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Five classic interior design mistakes

Interior design mistakes can be very expensive.  And whether you’re a professional or an amateur, it’s likely you’ll make one sooner or later, so try and learn from them rather than lament over how much they’ve cost you.  On the other hand, you could try and avoid them altogether…some thoughts:

Don’t Employ Idiots

OK, this might not be the best way to phrase this and of course, you should take responsibility for everyone on your books and involved in your project but sometimes idiots creep out of the woodwork and you’re lumped with them.  My (ex, I should stress) decorator put on wallpaper the wrong way round once.  My client called to tell me that the paper had literally slid off the wall.  What is more the (ex) decorator tried to blame me, despite the fact that I had shown him the paper before hand.  Idiot.

I cannot labour enough how important it is to get instructions in writing.  Draw up simple plans and elevations and make sure everyone knows what you want and how you want it done.  Even if you’re talking to someone with decades of experience, you still need them to know how you want the job done.

This is even more important when it comes to quotes.  I’ve recently had my fingers burnt by not having paperwork from tradespeople and it can put a strain on relationships when costs are higher than anticipated.  Ensure you get all costs in writing – especially the extra jobs that tend to be added as the job is in progress.

Measure, measure, measure, THEN cut

This is the advice of any good tradesman.  When you are dealing with expensive fabrics or wood or glass or tile, it is a costly business to make your mark a little short.  The same advice is just as valid for measuring the space in your room.  Many an interior designer has fallen for this one – when the gigantic sofa looks amazing on plan but in reality has no way of being brought into the building.  Always measure the access points for large art, furniture and baths. Baths also require sturdy floors, so measure that too!

Showroom halo

Screen shot 2014-03-09 at 17.03.18Some things can look great in the showroom but have lost their appeal by the time they get home.  This is often the case when they’ve been displayed in multiples in the shop.  A collection of colourful vases or lanterns looks incredible in the retail environment but the solitary item looks a little lonely when you get it home.

You also need to bear in mind that the showroom has a colour scheme and lighting décor of its own and this is unlikely to be the same as yours, so it simply might not match.

Don’t be wowed by the showroom but equally don’t be put off by scruffy stores.  You need a good eye to route through salvage yards, auction rooms or outlet stores but you can find some key pieces here at better costs than the department stores and designer showrooms, which have everything neatly displayed and highly priced.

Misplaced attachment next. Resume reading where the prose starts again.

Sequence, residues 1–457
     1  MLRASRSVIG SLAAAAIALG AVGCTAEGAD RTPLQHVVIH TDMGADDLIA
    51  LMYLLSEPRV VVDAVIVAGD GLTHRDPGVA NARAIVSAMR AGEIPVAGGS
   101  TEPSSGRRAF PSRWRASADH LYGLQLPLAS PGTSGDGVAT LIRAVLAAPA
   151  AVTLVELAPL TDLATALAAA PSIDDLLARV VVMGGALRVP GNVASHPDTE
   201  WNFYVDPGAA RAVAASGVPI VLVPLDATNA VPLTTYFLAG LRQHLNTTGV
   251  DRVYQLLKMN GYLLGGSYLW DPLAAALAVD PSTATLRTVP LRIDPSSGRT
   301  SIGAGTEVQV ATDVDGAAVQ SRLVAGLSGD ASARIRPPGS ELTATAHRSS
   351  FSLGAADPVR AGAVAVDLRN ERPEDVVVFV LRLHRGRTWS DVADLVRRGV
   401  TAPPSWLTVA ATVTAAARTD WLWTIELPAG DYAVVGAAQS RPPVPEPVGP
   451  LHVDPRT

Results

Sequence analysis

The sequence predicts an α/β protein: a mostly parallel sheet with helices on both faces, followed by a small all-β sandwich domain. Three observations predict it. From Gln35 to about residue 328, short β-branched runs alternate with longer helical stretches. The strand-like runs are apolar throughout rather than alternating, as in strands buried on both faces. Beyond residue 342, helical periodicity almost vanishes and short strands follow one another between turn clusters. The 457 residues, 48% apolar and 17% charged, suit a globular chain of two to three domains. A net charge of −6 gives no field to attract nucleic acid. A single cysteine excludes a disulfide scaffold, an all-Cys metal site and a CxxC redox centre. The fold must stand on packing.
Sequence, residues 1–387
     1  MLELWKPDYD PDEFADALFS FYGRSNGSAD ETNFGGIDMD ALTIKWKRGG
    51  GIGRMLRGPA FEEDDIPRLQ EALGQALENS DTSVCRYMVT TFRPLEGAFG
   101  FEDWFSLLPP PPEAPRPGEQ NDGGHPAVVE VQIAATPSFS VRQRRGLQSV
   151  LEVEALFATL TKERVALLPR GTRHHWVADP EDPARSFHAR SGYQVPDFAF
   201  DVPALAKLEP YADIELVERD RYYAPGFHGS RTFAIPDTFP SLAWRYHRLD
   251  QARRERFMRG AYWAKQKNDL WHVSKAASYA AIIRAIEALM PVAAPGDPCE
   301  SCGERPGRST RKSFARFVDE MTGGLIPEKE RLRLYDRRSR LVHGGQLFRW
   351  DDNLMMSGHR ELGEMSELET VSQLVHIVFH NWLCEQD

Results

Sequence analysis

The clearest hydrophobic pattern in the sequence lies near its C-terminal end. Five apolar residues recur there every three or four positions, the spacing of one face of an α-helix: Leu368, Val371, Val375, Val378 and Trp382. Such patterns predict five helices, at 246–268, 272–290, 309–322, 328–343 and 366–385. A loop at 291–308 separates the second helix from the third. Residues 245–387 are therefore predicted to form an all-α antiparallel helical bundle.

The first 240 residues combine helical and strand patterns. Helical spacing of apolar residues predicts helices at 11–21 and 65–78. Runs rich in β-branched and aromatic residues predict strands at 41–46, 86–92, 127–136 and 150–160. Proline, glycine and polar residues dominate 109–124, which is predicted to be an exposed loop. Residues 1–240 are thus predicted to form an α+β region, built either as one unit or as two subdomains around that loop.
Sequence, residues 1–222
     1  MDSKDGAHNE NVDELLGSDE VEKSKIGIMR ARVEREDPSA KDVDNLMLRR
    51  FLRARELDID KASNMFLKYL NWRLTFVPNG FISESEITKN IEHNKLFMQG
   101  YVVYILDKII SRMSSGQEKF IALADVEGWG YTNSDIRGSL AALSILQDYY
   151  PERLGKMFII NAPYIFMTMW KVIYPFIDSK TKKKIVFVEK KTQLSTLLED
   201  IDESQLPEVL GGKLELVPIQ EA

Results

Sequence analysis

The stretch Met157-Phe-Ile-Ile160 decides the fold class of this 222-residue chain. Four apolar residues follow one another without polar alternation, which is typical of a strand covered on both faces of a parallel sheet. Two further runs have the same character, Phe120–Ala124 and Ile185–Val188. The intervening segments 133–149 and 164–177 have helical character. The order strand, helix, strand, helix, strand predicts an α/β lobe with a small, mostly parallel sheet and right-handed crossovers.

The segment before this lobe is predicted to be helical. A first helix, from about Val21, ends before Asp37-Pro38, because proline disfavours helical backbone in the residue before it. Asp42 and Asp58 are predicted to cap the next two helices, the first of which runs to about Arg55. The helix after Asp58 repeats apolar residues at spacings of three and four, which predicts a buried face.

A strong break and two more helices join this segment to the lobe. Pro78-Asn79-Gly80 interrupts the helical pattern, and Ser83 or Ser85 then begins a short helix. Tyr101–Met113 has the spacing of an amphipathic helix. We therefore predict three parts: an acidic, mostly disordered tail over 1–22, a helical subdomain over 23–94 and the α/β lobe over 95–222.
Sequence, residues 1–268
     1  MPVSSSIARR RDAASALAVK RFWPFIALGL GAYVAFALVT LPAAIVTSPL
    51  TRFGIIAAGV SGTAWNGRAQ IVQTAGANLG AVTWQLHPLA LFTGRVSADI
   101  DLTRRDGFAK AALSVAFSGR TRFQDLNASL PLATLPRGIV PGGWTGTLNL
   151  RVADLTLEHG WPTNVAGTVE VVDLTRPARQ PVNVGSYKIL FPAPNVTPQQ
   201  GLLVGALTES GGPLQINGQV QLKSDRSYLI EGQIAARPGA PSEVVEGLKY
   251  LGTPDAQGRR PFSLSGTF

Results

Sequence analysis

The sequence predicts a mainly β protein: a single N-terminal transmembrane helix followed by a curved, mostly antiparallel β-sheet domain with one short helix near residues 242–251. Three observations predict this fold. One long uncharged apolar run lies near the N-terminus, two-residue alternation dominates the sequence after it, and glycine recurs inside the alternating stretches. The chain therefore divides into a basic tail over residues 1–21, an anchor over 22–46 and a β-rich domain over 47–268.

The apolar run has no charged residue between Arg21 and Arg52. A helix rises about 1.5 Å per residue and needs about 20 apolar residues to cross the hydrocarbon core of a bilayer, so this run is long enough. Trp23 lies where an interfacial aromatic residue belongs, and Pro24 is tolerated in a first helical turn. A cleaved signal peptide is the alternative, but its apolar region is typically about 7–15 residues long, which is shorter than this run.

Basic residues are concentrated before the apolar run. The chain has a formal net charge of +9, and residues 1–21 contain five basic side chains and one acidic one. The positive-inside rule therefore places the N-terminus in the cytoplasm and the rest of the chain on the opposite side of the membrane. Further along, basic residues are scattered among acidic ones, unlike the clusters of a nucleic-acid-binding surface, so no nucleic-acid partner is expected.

Colour samples

Screen shot 2014-03-09 at 16.57.50While paint isn’t the most expensive item on the interior design spec sheet, it does take time and labour to put it up and if you get it wrong, it can cause headaches.  There’s nothing worse than walking into a room the decorators are just finishing up and you know in your heart the paint is wrong.  I did this once and while the client was perfectly satisfied, all I could see was the pink tinge in the grey walls.  (Oh yes, you think it would be easy to copy those posh paint colours but it’s not, you know…)

So don’t rely on the tiny sample blocks, buy a sample pot and paint 2 or 3 large pieces of paper then stick them on to the walls so you can see how the colour looks in various lights.  Leave the colour papers up and walk in on them and ‘surprise’ yourself.  Your gut reaction will tell you if it’s right or wrong.


Don’t be a complete wuss

Haines wide - smallIf you play everything safe, your room will be dull.  End of story.  Have at least one thing in the room that you absolutely love and be brave enough to go for it.  Then coordinate the rest of the scheme around that piece.  If it’s a wild wallpaper and you think it will be overpowering then just use it on a feature wall.  If it’s a strong colour then keep it just for accessories.  If it’s a fabulous piece of lighting then have courage and install it, I promise you you’ll always love it.

And most importantly, do NOT care what other people think.  (Unless they live with you then it’s advisable to take them into consideration.)  However, if you’re worried about the neighbours, or your mother-in-law, or the people who might be buying your house in five years time, please dismiss them from your head immediately.

This is your home.  Your canvas to express your opinions.  Enjoy that freedom.

If you need any help with being brave, measuring up, or keeping a rein on idiots then please do not hesitate to contact me and we can talk through your project.


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